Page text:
The image of the European city as a tourist’s paradise of charming inner-city neighborhoods interconnected by high-speed rail networks is not entirely false, but it does not give the full picture of how most Europeans live. Contrary to the mythology embraced by romantics among planners and ‘green’ politicians, urban areas of Europe sprawl just as much as any American or Western city.
Of course, there are the wealthy and often childless few who live in the renovated urban cores – but at much lower density than at any time in their history. Instead of crowding picturesquely into city, the teeming hordes of the middle class have sought their refuge in the arboreal outskirts. They drive from their single-family homes and townhouse developments to their offices in old city centers, in business parks on the edge of the center and to other villages with massive industrial parks attached to them.
As a result Germany has long since ceased to be the country that one sees in Grimm’s Fairy Tales or Goethe. Much of it looks like America or Canada. Freeways interconnect exurban villages swelling with housing developments and industrial parks. The German dream is a lot like the American one, only with more rules.
The most interesting factor is the diversity of these suburbs. They are still predominantly German, but then again so is the country. I live in an exurb of Nuremberg in northern Bavaria. It was the city of Dürer and Hans Sachs as well as the infamous Nazi rallies and post-war trials. It still has castles from the Medieval past, but the need for labor to rebuild destroyed cities – and eventually the resulting prosperity – in the post-war years saw new faces and cultures arrive with immigrants from countries like Turkey.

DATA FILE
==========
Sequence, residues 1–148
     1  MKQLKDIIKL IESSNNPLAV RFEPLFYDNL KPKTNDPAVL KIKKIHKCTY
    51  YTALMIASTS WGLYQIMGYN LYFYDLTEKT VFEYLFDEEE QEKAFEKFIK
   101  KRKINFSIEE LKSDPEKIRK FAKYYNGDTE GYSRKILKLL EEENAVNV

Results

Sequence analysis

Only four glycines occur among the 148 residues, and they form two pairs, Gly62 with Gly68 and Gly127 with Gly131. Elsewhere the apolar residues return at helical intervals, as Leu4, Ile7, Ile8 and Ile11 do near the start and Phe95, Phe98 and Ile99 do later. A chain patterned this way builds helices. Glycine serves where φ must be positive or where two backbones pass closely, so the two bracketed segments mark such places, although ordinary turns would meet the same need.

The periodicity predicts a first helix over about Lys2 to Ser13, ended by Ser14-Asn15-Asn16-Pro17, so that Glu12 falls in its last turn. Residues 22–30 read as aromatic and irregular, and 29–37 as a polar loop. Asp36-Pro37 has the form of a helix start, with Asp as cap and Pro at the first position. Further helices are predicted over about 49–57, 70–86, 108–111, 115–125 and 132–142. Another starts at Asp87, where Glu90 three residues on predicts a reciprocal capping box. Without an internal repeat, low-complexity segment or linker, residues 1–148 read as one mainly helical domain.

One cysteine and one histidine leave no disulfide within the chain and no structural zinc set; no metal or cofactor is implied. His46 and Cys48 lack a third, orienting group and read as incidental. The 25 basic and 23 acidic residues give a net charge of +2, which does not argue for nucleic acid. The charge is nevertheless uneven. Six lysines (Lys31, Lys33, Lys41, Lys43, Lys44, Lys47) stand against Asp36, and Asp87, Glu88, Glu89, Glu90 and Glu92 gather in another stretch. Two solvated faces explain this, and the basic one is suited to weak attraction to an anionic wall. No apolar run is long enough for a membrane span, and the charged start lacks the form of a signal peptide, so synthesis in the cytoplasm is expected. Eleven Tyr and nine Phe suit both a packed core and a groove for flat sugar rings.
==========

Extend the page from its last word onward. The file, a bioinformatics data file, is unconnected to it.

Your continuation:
Just like in America, many of these newcomers worked until they retired and decided that they wanted to stay. Some of their children are having trouble but not all of them. The children that move out of their neighborhoods to the suburbs integrate better because their parents tend to be more prosperous and thus resent Germany less. The other reason is the fact they are more exposed to the language. Cem Ozdemir was just elected as leader of the Green Party here and he does not speak the pidgin common among a lot of Turkish immigrants. I moved to the suburbs for much the same reason. My wife and I are both non-native speakers but we know that if our children are going to succeed they will need to speak German well and act like Germans. Ideally they will become hyphenated Germans, as in American-Croat-Germans, which is roughly what they would be.
Of course, some recent newcomers still huddle in their ghettos here, the soulless housing estates built to satisfy Le Corbusier’s destructive urban fantasies. But a lot of them are moving out and up. Their ultimate dream is not a castle or a turn of the century apartment. They want their own house. They want decent schools for their kids, a place to park their cars and easy access to work. That is why they are here and not in their old neighborhoods.
But diversity is a relatively new benefit of German suburbs. We also moved here for a basic need of space. We had lived in the inner city in a charming apartment but one that simply could not hold kids. It felt cramped just as our offspring popped out.